How benefits leaders can make smarter healthcare investments

Employers have a tremendous responsibility when developing a benefits strategy that will drive the best healthcare outcomes for their people. In an increasingly saturated marketplace, benefits teams are inundated with countless potential healthcare vendor solutions to choose from, but lack the resources to cut through the noise and confidently select the vendors that drive the best outcomes for their workforce's unique needs at the lowest costs. 

Here's the challenge: No two employers’ populations are exactly alike. And no two clinical solutions are exactly alike. Populations evolve and their clinical composition changes - it is a dynamic environment that requires highly analytical skills to fully understand how to maximize healthcare investments. Even if employers and their consultants are able to work with a potential vendor to forecast their financial return on investment (ROI), this work tends to be time-consuming, manual, and specific to that single vendor's model. What's missing is the ability to get that financial analysis in a scalable way across all potential vendors.

Leveraging Savings Opportunity Forecast

This is where Accorded comes in to help. Think of Accorded’s Savings Opportunity Forecast as a crystal ball of sorts, but one that forecasts a clinical solution’s cost of care impact through actuarially-rigorous analysis. Using a standardized, actuarial framework, a Savings Opportunity Forecast enables employers to easily identify each solution’s projected cost of care impact on their own population. With a Savings Opportunity Forecast, employers can evaluate dozens of solutions and compare cost of care impact all with a standardized benchmark.

For example, there are multiple musculoskeletal digital health solutions that enable virtual physical therapy, many more to optimize treatment for diabetes and hypertension, and not to mention the myriad of mental health solutions that bring value in different ways. 

With Savings Opportunity Forecast, employers have a systematic, data-driven way to evaluate all of these point solutions and its different clinical models. Employers will have a clear picture of a solution’s financial ROI, i.e, the total cost of care savings relative to the cost of the solution itself, and have the ability to compare options using a scalable and standardized process.

Crunching the numbers

A Savings Opportunity Forecast translates the clinical value of a solution into dollars-and-cents. We do this by:

  1. Codifying a vendor’s clinical parameters for a population

    Using claims data, identify target patients by age, gender, or geography and further refine these groups by clinical conditions and/or comorbidities. 

  2. Calculating the average annual healthcare costs and the cost differential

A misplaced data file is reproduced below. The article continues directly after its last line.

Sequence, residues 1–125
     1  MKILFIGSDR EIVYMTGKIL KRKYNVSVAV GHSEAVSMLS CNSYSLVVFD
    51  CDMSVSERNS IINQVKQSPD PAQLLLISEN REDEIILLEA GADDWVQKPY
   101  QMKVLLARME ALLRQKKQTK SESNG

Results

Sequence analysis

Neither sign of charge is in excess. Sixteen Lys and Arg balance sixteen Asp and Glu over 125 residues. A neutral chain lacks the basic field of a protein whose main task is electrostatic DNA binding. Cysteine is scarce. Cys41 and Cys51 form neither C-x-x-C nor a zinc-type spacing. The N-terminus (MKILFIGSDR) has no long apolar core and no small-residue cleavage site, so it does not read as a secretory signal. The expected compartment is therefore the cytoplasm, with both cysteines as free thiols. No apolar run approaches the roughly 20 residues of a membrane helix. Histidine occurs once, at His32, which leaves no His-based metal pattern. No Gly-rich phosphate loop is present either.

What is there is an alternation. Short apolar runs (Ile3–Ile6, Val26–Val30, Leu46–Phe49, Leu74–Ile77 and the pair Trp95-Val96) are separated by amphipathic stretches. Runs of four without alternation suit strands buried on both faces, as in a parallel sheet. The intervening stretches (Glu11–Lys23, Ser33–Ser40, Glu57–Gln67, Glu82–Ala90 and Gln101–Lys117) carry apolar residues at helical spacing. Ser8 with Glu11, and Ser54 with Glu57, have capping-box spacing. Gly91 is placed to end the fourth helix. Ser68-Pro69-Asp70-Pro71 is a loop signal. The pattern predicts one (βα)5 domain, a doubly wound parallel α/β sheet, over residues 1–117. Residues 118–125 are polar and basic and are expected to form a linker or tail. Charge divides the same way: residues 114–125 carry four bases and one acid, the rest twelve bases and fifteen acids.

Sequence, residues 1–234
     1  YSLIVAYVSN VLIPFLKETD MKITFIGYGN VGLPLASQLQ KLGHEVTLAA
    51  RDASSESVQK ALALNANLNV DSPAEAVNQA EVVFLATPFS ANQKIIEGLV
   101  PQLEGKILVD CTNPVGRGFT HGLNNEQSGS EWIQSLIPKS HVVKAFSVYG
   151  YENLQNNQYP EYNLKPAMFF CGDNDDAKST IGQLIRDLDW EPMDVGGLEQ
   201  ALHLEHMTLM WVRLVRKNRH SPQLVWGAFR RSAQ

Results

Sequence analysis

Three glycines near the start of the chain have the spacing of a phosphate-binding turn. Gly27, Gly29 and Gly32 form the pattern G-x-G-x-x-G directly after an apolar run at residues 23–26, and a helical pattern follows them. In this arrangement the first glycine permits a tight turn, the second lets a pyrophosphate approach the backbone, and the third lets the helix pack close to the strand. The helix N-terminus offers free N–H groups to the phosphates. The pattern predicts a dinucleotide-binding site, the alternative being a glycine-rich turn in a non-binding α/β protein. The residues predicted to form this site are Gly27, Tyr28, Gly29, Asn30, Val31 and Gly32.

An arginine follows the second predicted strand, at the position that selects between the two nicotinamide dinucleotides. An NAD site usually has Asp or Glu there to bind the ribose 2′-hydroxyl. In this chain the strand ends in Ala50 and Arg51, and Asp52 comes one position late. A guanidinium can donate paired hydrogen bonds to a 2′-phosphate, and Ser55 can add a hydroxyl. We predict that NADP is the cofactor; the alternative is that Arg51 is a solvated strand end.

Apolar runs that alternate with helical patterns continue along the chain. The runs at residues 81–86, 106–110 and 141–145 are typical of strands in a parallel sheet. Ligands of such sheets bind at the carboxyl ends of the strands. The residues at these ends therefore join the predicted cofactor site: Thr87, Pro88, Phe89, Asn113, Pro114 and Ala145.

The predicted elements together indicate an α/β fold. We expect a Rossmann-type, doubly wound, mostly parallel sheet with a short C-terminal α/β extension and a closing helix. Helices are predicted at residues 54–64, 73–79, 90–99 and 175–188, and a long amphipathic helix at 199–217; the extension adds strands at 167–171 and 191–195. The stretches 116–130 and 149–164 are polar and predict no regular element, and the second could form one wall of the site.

Costs for members with vs without condition that the solution is targeting based on your claims data and census. What is the difference in costs between the two groups? 

  3. Estimate how many members will utilize the service

    Use historical data or scenario modeling for the most accurate results.

The result is the projected savings per patient. This is an incremental cost reduction per patient based on factors such as the clinical experience of the provider, early research or white papers, and additional modeling.

Census-adjusted OF

Census-adjusted Opportunity Forecast

Improving member experience on all fronts

Enhancing member experience is a critical component of benefits strategies for most employers. In addition to member experience, a good vendor reduces overall costs, not just on the employer’s bottom line but also the member's, because everyone pays for rising healthcare costs through their premium contributions. As a result, a value-based benefits strategy becomes a part of a larger initiative to meet and exceed employee expectations. The right point solutions, when carefully and deliberately chosen, will resonate with members' needs and priorities, ultimately improving outcomes and lowering costs while simultaneously increasing member acquisition, engagement, and retention. However, solutions that are effective for one employer may not be effective for another. That is why an actuarial-backed approach is essential.


As employers continue to evaluate and implement solutions to maximize their healthcare investments, they’ll need a robust, scalable strategy to project and measure financial ROI. An actuarial-based process ensures that while patient populations and solutions fluctuate, value doesn’t. What might work for one population at one time may not be as effective in a year or two. It’s about keeping members happy, healthy, and engaged. 

Looking ahead to 2023 and beyond, the healthcare industry will continue to evolve and innovate in tandem with a greater emphasis on cost reduction and value-based care. If there’s any silver lining to the COVID-19 pandemic, it’s this: Patients are more open to digital health and novel care models than ever before. Employers can leverage this momentum to transform healthcare delivery—but only if they invest wisely in solutions and programs that will actually make a difference. 

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